At the CIA, a Case of Heads Must Roll?

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The very large buck that is responsibility for the bombing of the Chinese embassy in Belgrade last May has stopped, and landed square in the laps of seven CIA managers. The toll: One unnamed senior official fired and six others reprimanded by CIA director George Tenet for their roles. The key finding for the agency: It doesn't have, um, anyformal procedure in place for selecting targets for military use. The details make that painfully clear: Although agents obtained the correct street address for the intended target, a Serbian government supply office, the two-year-old map the agency was using didn't have address numbers for buildings in the targeted area, so agents estimated the location by comparing address number from a parallel street. Compounding the error was the fact that the database the agency was using for a crosscheck hadn't been updated since before the embassy moved crosstown in 1996.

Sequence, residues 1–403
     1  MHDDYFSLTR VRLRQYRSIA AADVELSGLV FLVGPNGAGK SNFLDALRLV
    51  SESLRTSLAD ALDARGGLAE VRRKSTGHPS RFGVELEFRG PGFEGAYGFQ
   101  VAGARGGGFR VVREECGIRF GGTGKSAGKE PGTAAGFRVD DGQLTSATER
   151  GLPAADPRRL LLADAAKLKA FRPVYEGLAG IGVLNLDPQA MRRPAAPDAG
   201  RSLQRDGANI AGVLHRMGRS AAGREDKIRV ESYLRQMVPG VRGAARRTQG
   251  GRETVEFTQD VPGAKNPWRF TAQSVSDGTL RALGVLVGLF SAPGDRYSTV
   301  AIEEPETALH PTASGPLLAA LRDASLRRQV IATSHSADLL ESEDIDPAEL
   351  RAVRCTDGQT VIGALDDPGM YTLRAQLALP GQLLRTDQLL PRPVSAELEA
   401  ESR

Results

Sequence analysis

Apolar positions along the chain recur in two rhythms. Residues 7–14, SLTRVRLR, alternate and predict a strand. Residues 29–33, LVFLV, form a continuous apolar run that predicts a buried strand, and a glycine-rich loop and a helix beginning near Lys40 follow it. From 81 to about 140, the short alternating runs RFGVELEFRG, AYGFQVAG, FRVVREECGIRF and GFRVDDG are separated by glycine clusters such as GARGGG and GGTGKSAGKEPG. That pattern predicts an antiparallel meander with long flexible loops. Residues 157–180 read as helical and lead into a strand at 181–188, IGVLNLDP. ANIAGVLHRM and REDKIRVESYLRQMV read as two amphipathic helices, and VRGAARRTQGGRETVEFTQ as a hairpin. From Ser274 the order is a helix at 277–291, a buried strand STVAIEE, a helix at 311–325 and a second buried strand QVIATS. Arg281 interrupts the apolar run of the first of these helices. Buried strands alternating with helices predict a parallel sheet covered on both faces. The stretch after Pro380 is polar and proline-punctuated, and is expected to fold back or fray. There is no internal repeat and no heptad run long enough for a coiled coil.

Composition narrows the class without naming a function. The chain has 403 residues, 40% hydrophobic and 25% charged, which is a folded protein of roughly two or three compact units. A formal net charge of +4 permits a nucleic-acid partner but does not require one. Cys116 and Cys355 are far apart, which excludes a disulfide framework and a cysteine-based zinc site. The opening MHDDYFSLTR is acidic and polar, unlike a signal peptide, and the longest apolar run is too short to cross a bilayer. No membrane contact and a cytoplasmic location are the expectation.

Could this have been prevented? Roy Krieger, a lawyer defending one of the reprimanded managers, doesn't think so. "The result may have been tragic, but the failure was systemic, and the remedy cannot be retribution," he told the Washington Post. But there were warning signs: One analyst, not with the CIA but assigned to the agency at the time, was personally familiar with that part of Belgrade and persistently questioned the target, twice trying to warn the on-the-scene targeting command. Even more fundamental, though, is that if the failure is indeed systemic, the fault surely lies with the managers responsible for the systems. That the agency didn't have any procedures in place for selecting what turned out to be the only target it picked for the military during the 78-day air campaign speaks volumes about where responsibility lies.